More than just a garden festival…

(Photo credit: Richard Bulley)

Luck was on the Mid-Mountain Garden Festival’s side this year as it joyfully returned to the local community. Eight private garden gates from Linden to Lawson were swung open to the public with cheerful “Welcome” signs outside each one to invite everyone in.

The Festival’s story dates back to 1984 when a local gardener, Ruth Taylor, proposed her ‘garden village’ idea to the President of Hazelbrook Public School’s P&C Committee at the time, Alexander Lindsay McLeod. The task was undertaken by a small team of parent volunteers and continues to the present day. The generosity of local gardeners and the support from local businesses has enabled the Festival to become both a fundraising tradition to raise money for Hazelbrook Public School and an annual community event that draws visitors from all over Sydney and beyond.

Over the weekends of 10 Sept and 17 Sept, quiet residential streets were bustling with activity by 9.30 in the morning. Neighbours from across the road, families and garden enthusiasts from near and far were heading excitedly to explore their first garden on their Festival trail.

At each garden gate, a friendly volunteer checked tickets and greeted you like an old friend. For some locals, the person probably was. It was clear from the start that this event was not only well-loved by the community but also had the support of its local businesses – Bendigo Bank in Katoomba, Hobbs, the local beauty salon, post office, vet, and accountant in Hazelbrook were all sponsors. There was even a raffle with 19 prizes (sold confidently by a twelve-year-old at one particular garden gate).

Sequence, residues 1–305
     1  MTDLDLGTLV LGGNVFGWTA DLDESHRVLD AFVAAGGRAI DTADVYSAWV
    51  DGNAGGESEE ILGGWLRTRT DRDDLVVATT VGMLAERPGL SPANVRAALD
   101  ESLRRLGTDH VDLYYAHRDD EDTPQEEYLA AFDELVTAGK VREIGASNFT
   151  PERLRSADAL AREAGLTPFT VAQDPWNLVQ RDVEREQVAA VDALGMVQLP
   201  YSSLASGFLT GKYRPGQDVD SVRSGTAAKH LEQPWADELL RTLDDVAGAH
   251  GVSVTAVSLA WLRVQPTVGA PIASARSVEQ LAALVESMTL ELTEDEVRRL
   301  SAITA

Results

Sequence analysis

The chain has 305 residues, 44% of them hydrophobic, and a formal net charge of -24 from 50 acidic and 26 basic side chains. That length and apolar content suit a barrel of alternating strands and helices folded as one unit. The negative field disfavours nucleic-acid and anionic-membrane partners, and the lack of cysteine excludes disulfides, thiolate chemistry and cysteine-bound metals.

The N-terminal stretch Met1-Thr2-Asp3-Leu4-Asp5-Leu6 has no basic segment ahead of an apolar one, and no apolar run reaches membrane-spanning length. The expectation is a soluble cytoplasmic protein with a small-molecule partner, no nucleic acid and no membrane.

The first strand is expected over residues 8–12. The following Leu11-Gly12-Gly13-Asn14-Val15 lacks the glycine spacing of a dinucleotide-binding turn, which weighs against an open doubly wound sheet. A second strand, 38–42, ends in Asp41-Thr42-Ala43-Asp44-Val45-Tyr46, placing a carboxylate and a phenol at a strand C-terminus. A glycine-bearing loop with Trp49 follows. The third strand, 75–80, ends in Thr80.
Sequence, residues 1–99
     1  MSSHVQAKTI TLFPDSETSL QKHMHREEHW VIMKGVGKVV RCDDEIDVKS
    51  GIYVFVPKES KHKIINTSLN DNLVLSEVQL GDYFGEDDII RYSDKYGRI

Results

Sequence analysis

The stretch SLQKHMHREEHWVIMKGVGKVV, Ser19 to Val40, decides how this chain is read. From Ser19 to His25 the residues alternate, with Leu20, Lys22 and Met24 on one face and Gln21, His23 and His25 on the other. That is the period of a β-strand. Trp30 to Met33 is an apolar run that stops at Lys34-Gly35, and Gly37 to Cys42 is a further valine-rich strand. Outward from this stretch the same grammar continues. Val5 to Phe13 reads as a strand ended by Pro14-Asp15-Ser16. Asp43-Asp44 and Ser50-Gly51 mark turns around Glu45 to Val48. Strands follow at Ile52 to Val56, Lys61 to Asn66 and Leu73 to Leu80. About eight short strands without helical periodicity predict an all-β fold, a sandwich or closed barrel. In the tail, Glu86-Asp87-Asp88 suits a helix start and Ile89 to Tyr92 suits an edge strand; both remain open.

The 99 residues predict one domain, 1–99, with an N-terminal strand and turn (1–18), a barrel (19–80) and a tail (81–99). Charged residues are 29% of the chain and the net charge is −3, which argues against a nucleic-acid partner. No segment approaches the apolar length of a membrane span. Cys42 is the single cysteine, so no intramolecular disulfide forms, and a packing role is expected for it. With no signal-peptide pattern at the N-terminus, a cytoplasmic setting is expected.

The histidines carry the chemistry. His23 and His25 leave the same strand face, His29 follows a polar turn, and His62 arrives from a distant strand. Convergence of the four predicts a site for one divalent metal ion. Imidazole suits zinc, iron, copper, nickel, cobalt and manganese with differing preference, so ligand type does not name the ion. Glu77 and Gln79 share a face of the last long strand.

(Photo credit: Richard Bulley)

In Linden, Totoro wowed many with its mesmerising rooftop and signature Totoro teahouse which captured the imagination of many anime fans. Aldebaran’s front lawn was picture perfect with its 1920s bungalow and vast array of interesting succulents.
In Woodford, visitors were once again charmed by Tanglewood, the longest running garden of the Festival, and stunned into silence by their Zen garden of maples and ponds amidst ancient rocks. Newcomer Stoneholm Lane didn’t disappoint with its beautiful formal terraces that drop effortlessly to bush and bluff, and the corner block of Arcadia garden was a lovely, welcome delight.
Then in Hazelbrook, it was no surprise to find a crowd at the main Festival garden of Tarraleah where visitors had plenty to see and do. Its driveway had been converted to a little marketplace where jams, chutneys and plants were being snapped up. Visitors were sitting amongst colourful tulips, enjoying tea, coffee and baked treats alfresco;  while others explored the tiered maze and espaliered orchard down the back. Around the corner at Elvis garden, some visitors were entertained by an impromptu song from the garden owner.
Last but not least, Lawson offered up Djurali – a cosy garden patch where kids played in the sandpit and cubby while the adults contemplated how they could replicate the veggie and wildflower garden in their own homes.


Every garden had kids with their scavenger hunt booklet in hand, gleefully spotting and marking off art objects that each Hazelbrook Public School class had done with their teacher. Their incentive? Finding 7 earned them a prize. It was a delight to have children scampering about the gardens, determined to uncover more.


As it turns out, The Mid-Mountains Garden Festival is much more than just its gardens. It’s become an occasion that shines a light on the wonders of gardening, human connection and generosity of spirit. As the story of its existence shows, it’s also a celebration of the magic that happens when a community comes together.